The day you slapped that "26.2" sticker on your car was one of your proudest in recent memory -- it was the day you advertised your membership in the club of marathoners. You've seen major cities while pounding the pavement of major thoroughfares that were closed just for you. Maybe you've completed several marathons already, and you're wondering if you can shave a few minutes from your current best time. Congratulations, you're one of the elite -- or you will be, soon.
If you've already run marathons, stepping up to advanced training means only one thing: You want to achieve your best time. Though advanced marathon training programs all feature some variations (based on theory, experience, trainer preference or some combination of the above), all are designed with the same goal in mind. While beginner and intermediate training focuses on teaching your body to adapt to and cope with distance running, advanced training features long runs (some well beyond the 26.2 mile mark) and incorporates speed workouts. Instead of training to finish a marathon, you're training to race one.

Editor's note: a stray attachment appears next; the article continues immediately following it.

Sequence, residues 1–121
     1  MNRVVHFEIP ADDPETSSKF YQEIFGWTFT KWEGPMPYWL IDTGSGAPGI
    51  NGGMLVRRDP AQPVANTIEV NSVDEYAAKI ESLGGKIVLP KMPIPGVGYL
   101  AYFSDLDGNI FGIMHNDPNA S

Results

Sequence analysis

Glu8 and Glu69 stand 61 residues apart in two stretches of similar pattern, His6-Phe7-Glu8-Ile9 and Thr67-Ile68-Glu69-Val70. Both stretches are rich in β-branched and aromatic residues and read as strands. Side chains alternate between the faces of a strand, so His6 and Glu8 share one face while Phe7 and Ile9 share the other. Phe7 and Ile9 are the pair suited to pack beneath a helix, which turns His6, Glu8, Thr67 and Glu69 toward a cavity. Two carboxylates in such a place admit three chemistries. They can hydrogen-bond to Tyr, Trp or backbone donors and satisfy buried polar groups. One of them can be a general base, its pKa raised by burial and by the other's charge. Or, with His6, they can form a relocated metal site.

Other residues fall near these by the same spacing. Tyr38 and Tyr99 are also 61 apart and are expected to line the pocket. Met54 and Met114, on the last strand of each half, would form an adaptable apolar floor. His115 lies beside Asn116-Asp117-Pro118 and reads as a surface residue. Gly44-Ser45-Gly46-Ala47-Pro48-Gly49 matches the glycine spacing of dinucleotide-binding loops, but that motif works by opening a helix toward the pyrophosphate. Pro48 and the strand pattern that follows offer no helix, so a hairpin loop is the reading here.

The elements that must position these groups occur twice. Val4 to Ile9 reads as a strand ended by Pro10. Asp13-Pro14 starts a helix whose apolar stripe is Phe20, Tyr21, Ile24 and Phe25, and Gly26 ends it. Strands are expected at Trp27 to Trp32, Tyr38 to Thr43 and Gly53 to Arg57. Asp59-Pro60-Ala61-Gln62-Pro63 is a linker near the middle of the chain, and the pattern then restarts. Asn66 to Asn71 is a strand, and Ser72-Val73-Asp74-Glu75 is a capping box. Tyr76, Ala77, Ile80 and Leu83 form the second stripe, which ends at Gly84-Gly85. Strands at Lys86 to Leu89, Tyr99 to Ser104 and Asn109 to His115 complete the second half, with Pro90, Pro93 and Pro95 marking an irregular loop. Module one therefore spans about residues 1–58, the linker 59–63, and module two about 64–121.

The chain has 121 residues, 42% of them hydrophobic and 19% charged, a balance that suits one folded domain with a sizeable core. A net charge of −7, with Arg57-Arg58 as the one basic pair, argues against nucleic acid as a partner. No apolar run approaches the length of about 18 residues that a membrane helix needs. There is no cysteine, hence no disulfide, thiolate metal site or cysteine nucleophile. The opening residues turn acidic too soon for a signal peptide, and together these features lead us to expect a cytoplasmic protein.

Sound tempting? Generally, you shouldn't attempt an advanced program unless you've run at least one marathon before and you regularly run five or six days a week for at least 45 minutes at a time. For your body to handle the stress, you should have a minimum of a year's experience of running such at an intensity [source: Health Magazine].
Are your legs tingling in anticipation? On the next page, we'll discuss a typical advanced marathon training schedule, and you'll see how you can select one that's right for you.